I imagine that it depends on the game, but for the GOT LCG, this is definitely true. Frankly, I think that sometimes the LCGs can go to far in the amount of content that they put up for sale. I like the concept but would appreciate it to be toned down, at least for GOT.

Definitely true for LOTR as well. While there is no rare chasing, there are still strong cards that you only get 1 copy of per set. So if you want to put multiple copies in your deck, you need to buy multiple sets.

Some say you can't deck build at all in LOTR without multiple base sets. While not true, it definitely is a game changer.

Not in the expansions though. They have three copies of every card per pack. I know some people buy multiple copies of the core set, but we haven't seen a need. (Also, since LOTR is a co-op game, there's no need to "stay competitive" which usually fuels purchases of CCGs)

Ah good to know. I gave up on the game with just the base set, wasn't sure how the expansions worked.

SixteenBlue wrote:

Definitely true for LOTR as well. While there is no rare chasing, there are still strong cards that you only get 1 copy of per set. So if you want to put multiple copies in your deck, you need to buy multiple sets.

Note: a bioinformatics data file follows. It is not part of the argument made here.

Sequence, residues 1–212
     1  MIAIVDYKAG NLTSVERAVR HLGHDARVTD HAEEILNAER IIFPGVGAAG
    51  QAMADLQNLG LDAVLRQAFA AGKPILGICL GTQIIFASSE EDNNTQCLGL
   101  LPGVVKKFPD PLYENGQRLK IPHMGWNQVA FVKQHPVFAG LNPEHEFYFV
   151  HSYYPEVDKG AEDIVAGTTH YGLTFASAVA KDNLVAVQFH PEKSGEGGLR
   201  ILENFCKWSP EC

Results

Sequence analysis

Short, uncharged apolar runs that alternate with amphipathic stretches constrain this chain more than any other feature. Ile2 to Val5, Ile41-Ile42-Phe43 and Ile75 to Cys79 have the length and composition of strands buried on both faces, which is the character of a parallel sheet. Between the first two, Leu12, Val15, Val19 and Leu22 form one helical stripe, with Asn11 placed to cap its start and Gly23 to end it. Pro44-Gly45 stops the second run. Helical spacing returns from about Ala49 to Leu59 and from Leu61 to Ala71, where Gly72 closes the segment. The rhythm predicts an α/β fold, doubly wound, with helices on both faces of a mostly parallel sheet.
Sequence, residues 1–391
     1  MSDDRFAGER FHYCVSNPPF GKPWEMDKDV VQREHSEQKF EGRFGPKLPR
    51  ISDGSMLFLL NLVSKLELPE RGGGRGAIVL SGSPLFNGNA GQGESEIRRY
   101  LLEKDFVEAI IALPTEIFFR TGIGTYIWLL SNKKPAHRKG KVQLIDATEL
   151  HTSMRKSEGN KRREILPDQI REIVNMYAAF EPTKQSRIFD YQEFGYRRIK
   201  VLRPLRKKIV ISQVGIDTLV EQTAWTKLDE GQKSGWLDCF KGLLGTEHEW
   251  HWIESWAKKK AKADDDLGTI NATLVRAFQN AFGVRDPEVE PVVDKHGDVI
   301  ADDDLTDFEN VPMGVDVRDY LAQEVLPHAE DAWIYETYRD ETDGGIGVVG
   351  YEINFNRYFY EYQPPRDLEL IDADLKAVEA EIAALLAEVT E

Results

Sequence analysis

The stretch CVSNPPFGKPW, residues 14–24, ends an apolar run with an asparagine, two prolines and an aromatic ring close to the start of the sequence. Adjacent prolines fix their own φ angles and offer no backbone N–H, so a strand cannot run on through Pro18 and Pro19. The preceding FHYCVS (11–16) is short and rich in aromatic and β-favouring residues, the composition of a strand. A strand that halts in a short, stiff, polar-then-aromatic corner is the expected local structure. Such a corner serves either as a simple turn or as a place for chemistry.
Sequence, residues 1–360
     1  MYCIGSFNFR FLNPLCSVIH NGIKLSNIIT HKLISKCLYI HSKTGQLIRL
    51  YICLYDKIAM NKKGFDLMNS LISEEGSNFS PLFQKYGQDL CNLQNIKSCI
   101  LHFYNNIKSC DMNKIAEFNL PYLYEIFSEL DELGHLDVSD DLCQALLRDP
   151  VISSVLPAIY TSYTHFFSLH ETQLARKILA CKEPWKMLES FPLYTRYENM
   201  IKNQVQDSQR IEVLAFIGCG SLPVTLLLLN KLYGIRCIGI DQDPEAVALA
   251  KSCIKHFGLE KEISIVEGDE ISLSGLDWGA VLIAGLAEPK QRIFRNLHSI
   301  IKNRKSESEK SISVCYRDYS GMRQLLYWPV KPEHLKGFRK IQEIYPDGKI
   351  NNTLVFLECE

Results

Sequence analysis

Some say you can't deck build at all in LOTR without multiple base sets. While not true, it definitely is a game changer.

Same goes for Android: Netrunner, although the data packs have 3x copies of every card. I haven't seen a need to get extra base sets though. I think most of the rares are either "unique" cards (1 copy in play at a time) or "Console" (1 copy per deck) cards.

To be honest, I'm not sure why they just don't do a low-volume "deckbuilder kit" for each base set which has 1 or 2 copies of the uncommons/rares so you don't have to buy extra base sets.

shoptroll wrote: